Both the Icefall and Glacier use Ibex’ Climawool™ Lite, which is similar to Schoeller Dynamic. It has a woven shell of Nylon and Lycra but has a napped merino wool lining. Climawool™ Lite is an upgrade to Schoeller’s Skifans fabric (Ibex had Schoeller modify Skifans to be more resistant to pilling). We found this fabric to be a good blend of warmth, breathability, and wind and water resistance. The napped merino wool lining increases the warmth, moisture management and comfort range of the fabric over standard Dynamic fabrics.
The Ibex Icefall Jacket is a simple stretchwoven, full zip softshell. It has two mesh lined hand warmer pockets, and a one-hand-operated waist drawcord. The only two “extras” are a nice napoleon pocket and a soft merino wool lining (a side benefit of this is a soft collar). In typical stretchwoven style, the jacket has a fairly trim fit but we found it to be a little roomier than competing all-synthetic garments from Cloudveil and Arc’Teryx. The sleeves are generously long and you have full range of motions without restriction or the waist lifting. The jacket has room for a couple of base layers or even a light insulating layer. We’ve used the Icefall jacket extensively for ice climbing, skiing, snow shoeing, and all other manner of cold weather aerobic pursuits. The jacket weighs about 16.5 ounces.
The Icefall jacket’s wool lining separates it from the rest of the stretchwoven crowd. At only 1.5 ounces lighter than Cloudveil’s Serendipity (the gold standard of softshell jackets), the Icefall is less wind and water resistant, but has a wider comfort range across the temperature spectrum than the Serendipity. It is similar in weight to Cloudveil’s Veiled Peak jacket, but we felt the Icefall offered more performance and comfort with the addition of wool.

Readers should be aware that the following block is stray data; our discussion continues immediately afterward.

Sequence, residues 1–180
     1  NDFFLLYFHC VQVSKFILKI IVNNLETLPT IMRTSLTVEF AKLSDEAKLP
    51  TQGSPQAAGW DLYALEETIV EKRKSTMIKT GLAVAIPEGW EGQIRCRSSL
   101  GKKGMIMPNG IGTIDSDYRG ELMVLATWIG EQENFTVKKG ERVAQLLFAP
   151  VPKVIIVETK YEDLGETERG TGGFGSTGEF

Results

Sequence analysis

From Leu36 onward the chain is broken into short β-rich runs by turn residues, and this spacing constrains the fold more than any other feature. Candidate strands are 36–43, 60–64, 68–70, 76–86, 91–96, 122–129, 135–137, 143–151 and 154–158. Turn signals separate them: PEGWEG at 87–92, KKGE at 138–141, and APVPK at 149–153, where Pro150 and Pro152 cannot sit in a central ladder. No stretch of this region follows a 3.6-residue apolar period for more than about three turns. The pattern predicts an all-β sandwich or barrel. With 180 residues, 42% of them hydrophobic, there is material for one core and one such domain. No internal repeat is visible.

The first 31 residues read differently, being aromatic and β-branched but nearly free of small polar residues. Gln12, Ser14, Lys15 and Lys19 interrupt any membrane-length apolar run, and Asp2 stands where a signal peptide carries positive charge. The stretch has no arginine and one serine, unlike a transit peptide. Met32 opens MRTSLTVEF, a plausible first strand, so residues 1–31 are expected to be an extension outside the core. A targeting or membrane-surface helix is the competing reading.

One key benefit of the Icefall: after several continuous days of skiing, climbing, and sweating in it and not washing it, it resisted odor very well, when we couldn’t wait to get home to throw our all-synthetic stretchwovens in the wash under similar conditions.
The Glacier Vest loses the arms to come in at under 9 ounces. At twice the weight of a thin wind vest and a few ounces heavier than a 100-weight fleece vest, we were eyeing it with scrutiny in order to discover a potential market niche. Its Climawool™ Lite fabric it is warmer, more abrasion resistant, and more water resistant than thin nylon wovens found on other wind vests. The fabric is more wind-resistant than 100-weight fleece but not quite as warm when worn under a shell. The Glacier is more breathable and more suited for aerobic activity than either a thin wind vest or a fleece vest. Its smooth surface allows it to layer under other garments more effectively than fleece. Vest features include two hand warmer pockets, two large internal storage pockets, and a draw cord waist.
During months of testing, we discovered that the Glacier offers a niche that is not quite filled by any other garments on the market. We wore it in windy summer-and-fall alpine hiking conditions, where temperatures were cool enough to require something over our base layers, and windy enough that we wanted some wind protection. The arm freedom of the vest design provided both insulation and wind resistance without sacrificing breathability or freedom of movement. For these conditions, a stretchwoven vest is a winner.
We do wish that the Glacier included a small Napoleon pocket to stash a packet of Gu or two.